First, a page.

Facebook‘s Ireland offices are being audited, as the company is facing a possible €100,000 ($138,000) fine for retaining data deleted by users, The Guardian reports.
The case began when a 24-year-old Austrian law student, Max Schrems, asked Facebook for a copy of all his personal data in June. Facebook complied, sending him a CD containing 1,200 pages of data, including his likes, “friend” and “defriend” history, and chat logs.
The problem? Schrems had deleted some of the data returned to him from his profile, yet Facebook retained his information.
Schrems proceeded to start an initiative called Europe vs. Facebook, and filed 22 individual claims about the social network’s practices.
The complaints include some of the ways Facebook keeps deleted user data, and highlight some of Facebook’s Terms of Service and business shortcomings.
“Postings that have been deleted showed up in the set of data that was received from Facebook,” says one complaint. “The privacy settings only regulate who can see the link to a picture. The picture itself is “public” on the internet. This makes it easy to circumvent the settings,” says another.
According to ZDNet, the complaints have already yielded results: Ireland’s Data Protection Commissioner (DPC) has called for an audit of Facebook’s offices, which will take place before Christmas.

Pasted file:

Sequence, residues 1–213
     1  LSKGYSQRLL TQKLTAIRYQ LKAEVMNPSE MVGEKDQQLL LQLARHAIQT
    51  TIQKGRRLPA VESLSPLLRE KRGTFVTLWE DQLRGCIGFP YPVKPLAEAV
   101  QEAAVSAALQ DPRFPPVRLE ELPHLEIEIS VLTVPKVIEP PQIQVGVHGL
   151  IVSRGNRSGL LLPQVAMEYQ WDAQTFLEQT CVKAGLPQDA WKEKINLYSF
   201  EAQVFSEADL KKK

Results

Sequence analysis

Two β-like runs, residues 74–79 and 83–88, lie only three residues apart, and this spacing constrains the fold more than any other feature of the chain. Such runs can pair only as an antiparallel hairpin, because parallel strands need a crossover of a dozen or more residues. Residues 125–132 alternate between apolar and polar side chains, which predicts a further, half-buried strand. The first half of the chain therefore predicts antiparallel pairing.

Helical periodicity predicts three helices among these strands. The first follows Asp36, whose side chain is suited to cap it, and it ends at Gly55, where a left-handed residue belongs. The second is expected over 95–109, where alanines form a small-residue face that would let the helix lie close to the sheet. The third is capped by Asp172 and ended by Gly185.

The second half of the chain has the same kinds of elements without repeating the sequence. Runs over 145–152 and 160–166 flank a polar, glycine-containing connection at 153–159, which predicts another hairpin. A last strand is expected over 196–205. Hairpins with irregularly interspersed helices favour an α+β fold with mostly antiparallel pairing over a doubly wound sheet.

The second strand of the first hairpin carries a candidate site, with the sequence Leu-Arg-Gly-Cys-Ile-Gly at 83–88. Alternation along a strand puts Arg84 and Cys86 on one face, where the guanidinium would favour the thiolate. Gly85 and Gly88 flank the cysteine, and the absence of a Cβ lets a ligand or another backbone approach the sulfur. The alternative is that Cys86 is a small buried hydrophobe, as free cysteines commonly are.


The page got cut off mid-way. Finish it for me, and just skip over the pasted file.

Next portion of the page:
Should the DPC find Facebook has breached Irish data protection law, it can ask the company to change the way it handles personal data. Should Facebook fail to comply, it could face a fine of up to €100,000 ($138,000). Of course, for Facebook, the negative publicity could be more damaging than the amount of the fine.
In February 2009, Facebook changed its Terms of Service, giving itself the right to use or modify user data in any way it wants, even if a user quits the service.
This subtle change in Facebook’s TOS prompted a huge public backlash, ultimately forcing Facebook to backpedal a little. In an elaborate blog post, Mark Zuckerberg explained why the company feels it needs to retain a copy of user’s data.
While some of his arguments are valid — for example, it’s very tricky to permanently delete a message you’ve sent another user, as the other user also has the right to keep his/her copy — this latest incident might once again spark complaints from users feeling Facebook has granted itself too many liberties with their data.
With the public roll-out of Timeline on the horizon, many users are bound to have a slew of new privacy concerns. If you are already using Timeline, have you found any of your data you thought was hidden or deleted appearing publicly? Please share your experiences below.